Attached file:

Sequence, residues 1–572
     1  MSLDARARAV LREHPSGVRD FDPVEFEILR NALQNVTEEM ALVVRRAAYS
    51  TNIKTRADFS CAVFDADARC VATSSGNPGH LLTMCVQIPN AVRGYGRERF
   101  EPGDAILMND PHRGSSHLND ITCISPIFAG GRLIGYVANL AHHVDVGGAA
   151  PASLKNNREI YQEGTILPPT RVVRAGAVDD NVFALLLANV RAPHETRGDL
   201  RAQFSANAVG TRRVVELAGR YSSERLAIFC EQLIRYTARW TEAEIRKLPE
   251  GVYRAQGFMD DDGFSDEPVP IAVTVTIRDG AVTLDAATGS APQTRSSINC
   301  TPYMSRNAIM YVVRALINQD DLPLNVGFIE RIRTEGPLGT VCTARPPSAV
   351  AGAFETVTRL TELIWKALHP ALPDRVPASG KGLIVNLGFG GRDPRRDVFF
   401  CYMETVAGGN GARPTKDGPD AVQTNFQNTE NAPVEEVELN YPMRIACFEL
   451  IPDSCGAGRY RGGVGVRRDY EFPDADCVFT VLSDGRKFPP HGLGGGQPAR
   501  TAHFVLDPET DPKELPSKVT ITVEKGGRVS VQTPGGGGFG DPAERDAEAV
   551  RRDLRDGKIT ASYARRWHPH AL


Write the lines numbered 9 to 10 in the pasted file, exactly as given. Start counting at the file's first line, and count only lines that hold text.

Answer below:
   351  AGAFETVTRL TELIWKALHP ALPDRVPASG KGLIVNLGFG GRDPRRDVFF
   401  CYMETVAGGN GARPTKDGPD AVQTNFQNTE NAPVEEVELN YPMRIACFEL